Sony Corp, forecasting its first back-to-back annual losses in half a century, will start selling netbook personal computers from next month in an attempt to benefit from rising demand for the cheaper, scaled-down machines.
The computers will be sold for about ¥60,000 (US$630) in Japan and will be available under the Vaio brand in 54 countries, Satoshi Ihara, a marketing manager at Sony, told reporters at a briefing yesterday in Tokyo, where the company is based.
Sony trails Asustek Computer Inc (華碩), the Taiwanese pioneer of the laptops known as netbooks, and Toshiba Corp in offering a low-cost, small-screen computer with reduced processing power, a product category set to become the fastest-growing segment of the PC industry this year.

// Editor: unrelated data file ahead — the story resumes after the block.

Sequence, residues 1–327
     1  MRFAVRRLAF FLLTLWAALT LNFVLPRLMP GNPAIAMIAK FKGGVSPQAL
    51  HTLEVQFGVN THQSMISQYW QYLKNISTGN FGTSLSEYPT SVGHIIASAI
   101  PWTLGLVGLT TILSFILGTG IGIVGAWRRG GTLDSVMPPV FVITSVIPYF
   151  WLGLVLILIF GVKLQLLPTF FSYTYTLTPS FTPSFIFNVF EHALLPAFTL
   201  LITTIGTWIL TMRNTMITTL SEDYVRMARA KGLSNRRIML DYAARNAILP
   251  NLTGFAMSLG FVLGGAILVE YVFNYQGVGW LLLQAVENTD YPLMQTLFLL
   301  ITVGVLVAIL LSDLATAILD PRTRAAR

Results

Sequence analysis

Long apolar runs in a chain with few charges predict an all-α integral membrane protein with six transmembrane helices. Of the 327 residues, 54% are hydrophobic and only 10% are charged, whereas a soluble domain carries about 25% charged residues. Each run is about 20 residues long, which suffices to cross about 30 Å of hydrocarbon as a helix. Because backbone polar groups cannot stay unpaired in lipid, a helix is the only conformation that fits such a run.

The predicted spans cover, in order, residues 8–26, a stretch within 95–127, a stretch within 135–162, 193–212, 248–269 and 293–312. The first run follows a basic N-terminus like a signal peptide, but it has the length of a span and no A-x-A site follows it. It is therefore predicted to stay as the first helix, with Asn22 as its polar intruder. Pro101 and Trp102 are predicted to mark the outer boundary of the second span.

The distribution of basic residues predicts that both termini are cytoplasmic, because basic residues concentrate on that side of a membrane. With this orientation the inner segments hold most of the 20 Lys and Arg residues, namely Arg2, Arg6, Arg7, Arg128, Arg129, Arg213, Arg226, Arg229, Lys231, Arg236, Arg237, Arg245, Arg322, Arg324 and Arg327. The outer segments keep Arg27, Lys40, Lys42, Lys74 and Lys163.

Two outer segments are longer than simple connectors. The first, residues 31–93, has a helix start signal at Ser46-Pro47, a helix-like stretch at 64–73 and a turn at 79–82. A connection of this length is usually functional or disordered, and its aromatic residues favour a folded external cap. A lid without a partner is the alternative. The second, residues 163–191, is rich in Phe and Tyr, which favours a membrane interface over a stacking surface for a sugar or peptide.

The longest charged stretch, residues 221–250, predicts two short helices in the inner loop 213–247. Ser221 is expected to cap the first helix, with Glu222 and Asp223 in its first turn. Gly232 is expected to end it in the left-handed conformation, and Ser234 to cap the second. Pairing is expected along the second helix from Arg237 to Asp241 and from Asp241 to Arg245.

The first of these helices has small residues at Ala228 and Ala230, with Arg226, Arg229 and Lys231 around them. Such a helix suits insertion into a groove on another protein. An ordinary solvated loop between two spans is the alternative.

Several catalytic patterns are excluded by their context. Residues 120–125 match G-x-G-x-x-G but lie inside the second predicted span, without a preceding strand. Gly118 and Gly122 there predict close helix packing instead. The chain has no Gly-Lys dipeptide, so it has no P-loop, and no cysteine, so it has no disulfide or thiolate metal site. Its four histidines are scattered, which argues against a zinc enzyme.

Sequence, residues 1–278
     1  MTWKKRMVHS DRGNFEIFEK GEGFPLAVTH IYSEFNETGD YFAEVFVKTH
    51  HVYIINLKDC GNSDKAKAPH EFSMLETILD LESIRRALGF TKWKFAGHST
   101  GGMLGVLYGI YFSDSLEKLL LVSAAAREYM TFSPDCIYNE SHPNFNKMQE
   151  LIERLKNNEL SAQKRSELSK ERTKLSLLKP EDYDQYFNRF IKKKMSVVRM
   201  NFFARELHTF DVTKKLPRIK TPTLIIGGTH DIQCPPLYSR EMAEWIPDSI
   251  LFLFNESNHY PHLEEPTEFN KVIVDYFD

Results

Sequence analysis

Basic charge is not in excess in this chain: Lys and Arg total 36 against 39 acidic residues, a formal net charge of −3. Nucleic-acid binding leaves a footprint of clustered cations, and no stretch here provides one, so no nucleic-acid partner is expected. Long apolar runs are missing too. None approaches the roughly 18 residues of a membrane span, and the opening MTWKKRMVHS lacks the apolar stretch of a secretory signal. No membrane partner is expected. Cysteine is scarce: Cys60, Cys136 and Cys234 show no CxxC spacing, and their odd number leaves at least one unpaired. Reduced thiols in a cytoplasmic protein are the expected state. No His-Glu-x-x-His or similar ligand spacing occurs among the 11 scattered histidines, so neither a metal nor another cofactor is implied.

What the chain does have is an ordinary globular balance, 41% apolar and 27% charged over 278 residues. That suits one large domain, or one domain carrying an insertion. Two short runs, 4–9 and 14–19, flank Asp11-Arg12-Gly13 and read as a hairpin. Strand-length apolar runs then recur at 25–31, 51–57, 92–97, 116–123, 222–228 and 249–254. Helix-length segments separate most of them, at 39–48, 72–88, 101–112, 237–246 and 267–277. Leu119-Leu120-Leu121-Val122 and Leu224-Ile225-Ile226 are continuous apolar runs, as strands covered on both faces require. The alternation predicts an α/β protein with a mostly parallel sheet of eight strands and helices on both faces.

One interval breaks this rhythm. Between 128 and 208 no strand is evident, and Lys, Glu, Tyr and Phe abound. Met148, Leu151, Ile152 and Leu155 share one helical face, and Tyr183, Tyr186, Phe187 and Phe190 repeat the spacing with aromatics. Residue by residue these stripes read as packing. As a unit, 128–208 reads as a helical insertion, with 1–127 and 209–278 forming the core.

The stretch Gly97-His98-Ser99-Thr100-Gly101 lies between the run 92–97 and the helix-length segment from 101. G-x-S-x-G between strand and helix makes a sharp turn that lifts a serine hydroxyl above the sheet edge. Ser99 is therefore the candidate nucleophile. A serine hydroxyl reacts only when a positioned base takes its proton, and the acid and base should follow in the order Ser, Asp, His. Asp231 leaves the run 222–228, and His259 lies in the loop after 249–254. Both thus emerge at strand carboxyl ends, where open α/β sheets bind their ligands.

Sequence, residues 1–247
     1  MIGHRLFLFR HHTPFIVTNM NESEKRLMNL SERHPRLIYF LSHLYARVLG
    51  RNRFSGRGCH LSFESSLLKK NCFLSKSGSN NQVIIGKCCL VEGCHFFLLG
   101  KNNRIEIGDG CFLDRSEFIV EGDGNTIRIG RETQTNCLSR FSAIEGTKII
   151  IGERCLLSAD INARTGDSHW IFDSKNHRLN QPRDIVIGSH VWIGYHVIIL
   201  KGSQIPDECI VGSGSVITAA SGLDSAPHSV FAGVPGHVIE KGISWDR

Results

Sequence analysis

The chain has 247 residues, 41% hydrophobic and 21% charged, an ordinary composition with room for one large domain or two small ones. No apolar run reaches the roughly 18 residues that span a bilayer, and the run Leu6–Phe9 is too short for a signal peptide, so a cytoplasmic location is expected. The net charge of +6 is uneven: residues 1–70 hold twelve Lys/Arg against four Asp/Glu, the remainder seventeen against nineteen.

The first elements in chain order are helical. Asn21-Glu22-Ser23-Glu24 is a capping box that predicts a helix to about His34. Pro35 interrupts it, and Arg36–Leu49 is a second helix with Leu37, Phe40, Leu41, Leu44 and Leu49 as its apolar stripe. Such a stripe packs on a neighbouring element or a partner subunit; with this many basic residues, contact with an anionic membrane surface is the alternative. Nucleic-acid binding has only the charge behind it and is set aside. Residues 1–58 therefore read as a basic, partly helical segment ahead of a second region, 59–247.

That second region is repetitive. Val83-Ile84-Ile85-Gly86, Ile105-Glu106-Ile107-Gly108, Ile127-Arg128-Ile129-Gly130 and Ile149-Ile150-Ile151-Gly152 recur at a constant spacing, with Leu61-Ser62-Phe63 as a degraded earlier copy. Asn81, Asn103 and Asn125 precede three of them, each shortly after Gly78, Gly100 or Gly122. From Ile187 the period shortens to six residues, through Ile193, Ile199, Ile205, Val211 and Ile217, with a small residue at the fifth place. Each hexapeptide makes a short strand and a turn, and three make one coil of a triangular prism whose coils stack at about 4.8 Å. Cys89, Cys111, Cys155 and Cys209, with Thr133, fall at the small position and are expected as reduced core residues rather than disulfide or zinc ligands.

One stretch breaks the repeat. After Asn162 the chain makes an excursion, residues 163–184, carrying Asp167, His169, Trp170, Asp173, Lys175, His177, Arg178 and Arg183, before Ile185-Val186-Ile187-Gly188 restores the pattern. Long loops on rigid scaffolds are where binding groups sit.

Prices “will probably stop falling soon and our price won’t be a big hurdle,” Ihara said, declining to provide an overall sales target for the product.
The company said in May it would probably boost sales of Vaio computers to 6.2 million units in the year ending next March from 5.8 million units a year earlier.
Sony said in February it would combine Vaio computers, Walkman music players and games under Kazuo Hirai, who would focus on creating gadgets that work with each other and connect to the Internet.
“We plan to release more products for the Vaio to attract customers,” Ihara said yesterday.
Sony fell 2.3 percent to close at ¥2,355 on the Tokyo Stock Exchange. Japan’s benchmark Nikkei 225 Stock Average fell 0.3 percent.
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